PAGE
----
News in Brief – 29/09/2022

New ‘food rescue’ scheme in West Sussex hopes to reduce food waste

Food wasteA new ‘food rescue’ pilot scheme in West Sussex will begin in October to help people reduce food waste. District and borough councils have partnered with UKHarvest to introduce the scheme which will run for six months in Bognor Regis, Crawley (Broadfield area), and Southwick (in Adur).

The selected areas were chosen due to studies which showed residual rubbish bins contained an average of 40 per cent food waste, the highest locally.

A UKHarvest Community Food Hub will be held in each area once a month. Attendees will be able to choose from a wide selection of surplus foods for a voluntary donation of £3.50.

Education on ways to reduce food waste will also be arranged, such as how to use up leftovers, batch cooking, or using a slow cooker.

Deborah Urquhart, West Sussex Cabinet Member for Environment and Climate Change, said: “We want to break down common misconceptions about food rescue services as opposed to food banks and explain that they can be used by anyone, no matter what your circumstances are.

“While food banks provide an important service to those with the highest levels of need, surplus food rescue services remove food from the supply chain that might otherwise have gone to waste.

“This not only reduces the environmental impact of food production, but it also saves people money which is vitally important for everyone in light of the current cost of living challenges we all face.”

Recolight hosts UK’s first sustainability conference for lighting held in London

Last week (22 September 2022), Recolight hosted the UK’s first sustainability conference for lighting in London. The ‘Circular Lighting Live’ conference aimed to discuss how the lighting industry can contribute to the circular economy.

250 attendees registered for the one-day conference and included specifiers, manufacturers and suppliers. The host of the event, Recolight, is a UK WEEE compliance scheme.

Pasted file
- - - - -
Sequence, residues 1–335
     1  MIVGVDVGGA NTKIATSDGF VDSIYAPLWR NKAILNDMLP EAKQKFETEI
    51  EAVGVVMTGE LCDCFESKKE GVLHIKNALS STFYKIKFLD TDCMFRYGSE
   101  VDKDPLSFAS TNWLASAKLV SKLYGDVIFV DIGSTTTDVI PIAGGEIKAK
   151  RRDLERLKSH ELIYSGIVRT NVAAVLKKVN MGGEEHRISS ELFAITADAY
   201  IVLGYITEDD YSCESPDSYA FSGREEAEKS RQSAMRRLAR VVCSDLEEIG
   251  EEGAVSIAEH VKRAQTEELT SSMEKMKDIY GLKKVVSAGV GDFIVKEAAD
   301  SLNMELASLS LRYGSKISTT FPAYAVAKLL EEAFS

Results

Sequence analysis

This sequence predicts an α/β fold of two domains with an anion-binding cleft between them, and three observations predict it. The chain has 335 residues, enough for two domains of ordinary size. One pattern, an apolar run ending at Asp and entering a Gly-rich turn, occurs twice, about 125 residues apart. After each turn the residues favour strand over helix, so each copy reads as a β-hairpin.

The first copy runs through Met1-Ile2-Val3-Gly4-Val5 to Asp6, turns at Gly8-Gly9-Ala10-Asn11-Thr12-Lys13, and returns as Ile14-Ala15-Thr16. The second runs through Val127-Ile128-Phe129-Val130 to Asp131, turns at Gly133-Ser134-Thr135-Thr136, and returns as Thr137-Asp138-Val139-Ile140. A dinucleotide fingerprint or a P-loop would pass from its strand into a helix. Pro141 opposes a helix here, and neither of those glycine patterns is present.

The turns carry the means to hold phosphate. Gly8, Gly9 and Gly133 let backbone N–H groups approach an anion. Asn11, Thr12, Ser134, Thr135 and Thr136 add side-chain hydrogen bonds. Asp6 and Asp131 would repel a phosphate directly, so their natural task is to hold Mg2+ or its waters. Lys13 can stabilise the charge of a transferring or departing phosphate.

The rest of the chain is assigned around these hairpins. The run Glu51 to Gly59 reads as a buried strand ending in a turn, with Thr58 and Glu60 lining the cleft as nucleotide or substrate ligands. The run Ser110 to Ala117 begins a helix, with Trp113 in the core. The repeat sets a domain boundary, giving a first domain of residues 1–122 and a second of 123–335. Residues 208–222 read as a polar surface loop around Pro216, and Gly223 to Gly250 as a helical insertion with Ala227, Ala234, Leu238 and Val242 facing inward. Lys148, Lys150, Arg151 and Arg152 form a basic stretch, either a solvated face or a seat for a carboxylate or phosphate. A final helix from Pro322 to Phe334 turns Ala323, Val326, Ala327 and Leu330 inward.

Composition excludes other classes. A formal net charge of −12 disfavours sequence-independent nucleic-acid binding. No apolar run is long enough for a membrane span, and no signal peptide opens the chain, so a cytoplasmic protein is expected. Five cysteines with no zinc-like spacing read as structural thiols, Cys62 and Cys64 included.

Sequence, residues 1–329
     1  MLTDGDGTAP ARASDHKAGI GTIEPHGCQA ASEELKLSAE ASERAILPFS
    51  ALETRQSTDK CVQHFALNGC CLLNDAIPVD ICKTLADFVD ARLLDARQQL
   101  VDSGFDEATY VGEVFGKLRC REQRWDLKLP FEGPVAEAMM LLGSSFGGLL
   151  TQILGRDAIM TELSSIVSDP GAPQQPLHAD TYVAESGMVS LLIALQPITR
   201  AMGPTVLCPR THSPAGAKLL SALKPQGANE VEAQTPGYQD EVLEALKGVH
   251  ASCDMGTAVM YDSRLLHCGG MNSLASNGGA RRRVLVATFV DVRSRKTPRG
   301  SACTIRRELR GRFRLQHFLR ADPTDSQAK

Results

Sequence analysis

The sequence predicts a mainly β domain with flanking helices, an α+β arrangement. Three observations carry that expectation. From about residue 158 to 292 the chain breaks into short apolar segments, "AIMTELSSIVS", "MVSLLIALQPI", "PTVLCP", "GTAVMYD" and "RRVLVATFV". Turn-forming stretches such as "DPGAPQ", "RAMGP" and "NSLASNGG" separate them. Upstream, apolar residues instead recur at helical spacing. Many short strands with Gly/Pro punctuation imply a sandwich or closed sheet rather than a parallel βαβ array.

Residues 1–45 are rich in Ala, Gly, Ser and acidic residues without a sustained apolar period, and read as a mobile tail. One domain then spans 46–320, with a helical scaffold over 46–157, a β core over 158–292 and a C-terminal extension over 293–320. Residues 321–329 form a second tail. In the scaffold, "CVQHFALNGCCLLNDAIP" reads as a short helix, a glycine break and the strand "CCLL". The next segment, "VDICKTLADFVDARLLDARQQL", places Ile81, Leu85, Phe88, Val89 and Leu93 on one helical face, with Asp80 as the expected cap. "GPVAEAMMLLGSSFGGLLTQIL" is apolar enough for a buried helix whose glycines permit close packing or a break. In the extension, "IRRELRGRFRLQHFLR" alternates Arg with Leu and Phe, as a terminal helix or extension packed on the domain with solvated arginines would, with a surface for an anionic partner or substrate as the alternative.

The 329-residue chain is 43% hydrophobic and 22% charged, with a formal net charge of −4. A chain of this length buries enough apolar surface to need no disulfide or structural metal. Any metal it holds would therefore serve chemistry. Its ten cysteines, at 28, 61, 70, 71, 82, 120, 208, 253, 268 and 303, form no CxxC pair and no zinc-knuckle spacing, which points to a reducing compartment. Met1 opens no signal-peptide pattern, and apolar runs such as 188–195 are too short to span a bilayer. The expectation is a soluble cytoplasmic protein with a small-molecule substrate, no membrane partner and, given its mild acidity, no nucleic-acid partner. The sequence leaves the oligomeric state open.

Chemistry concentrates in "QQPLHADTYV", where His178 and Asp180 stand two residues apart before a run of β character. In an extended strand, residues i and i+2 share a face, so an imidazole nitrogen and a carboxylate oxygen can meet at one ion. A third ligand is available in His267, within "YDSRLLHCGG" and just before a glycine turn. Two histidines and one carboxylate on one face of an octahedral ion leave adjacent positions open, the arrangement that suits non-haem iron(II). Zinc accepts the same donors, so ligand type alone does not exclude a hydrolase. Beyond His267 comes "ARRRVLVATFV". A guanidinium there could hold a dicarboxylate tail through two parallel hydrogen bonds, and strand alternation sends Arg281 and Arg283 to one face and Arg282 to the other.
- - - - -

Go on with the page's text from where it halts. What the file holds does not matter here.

Presentations were held on upcoming UK and EU legislation and different environmental metrics, such as assessments of circularity (TM66), embodied carbon, environmental product declarations, and life cycle assessments. Discussions were hosted on the encouragement of remanufacturing and reuse in the sector.

TM66 was highlighted across the conference as an increasingly helpful tool to help specifiers identify lighting products that suit the needs of the circular economy.

Supplier exhibitions included a 3D printing demonstration from sponsor Signify and stands from ASD Lighting, DW Windsor, and more.

Nigel Harvey, Recolight CEO, said: “We have been thrilled by the level of energy and commitment expressed during Circular Lighting Live.  It really does seem that we all get it: The really significant changes we need to make to address the climate crisis, and to improve material efficiency.”

“We’ve received overwhelmingly positive feedback. So we’ve already announced that Circular Lighting Live 2023 will take place on 21 September 2023.  We will be at a bigger venue, so we will be able to welcome many more delegates and sponsors.

Surrey: Households could save £700 annually by cutting down on food waste

Research from WRAP has shown that households could save up to £700 annually by cutting down on food waste.

It is calculated that Britain throws away 4.5 million tonnes of edible food each year. The total cost of wasted food is approximately £14 billion which works out to £60 a week for the average family.

Following this study, the Surrey Environment Partnership (SEP) has published a series of top tips to show ways in which residents can cut down on food waste. These include planning meals in advance, storing food properly, and understanding portioning to avoid cooking too much food. The partnership is also encouraging residents to make use of food waste collection services when food cannot be eaten.

Marisa Heath, Chair Councillor of SEP, said: “No food needs to go to waste in Surrey.

“By making small changes to our daily habits and continuing to recycle any food that cannot be eaten, Surrey residents are able to help make savings while also protecting the planet for future generations.”

For more information go to the SEP website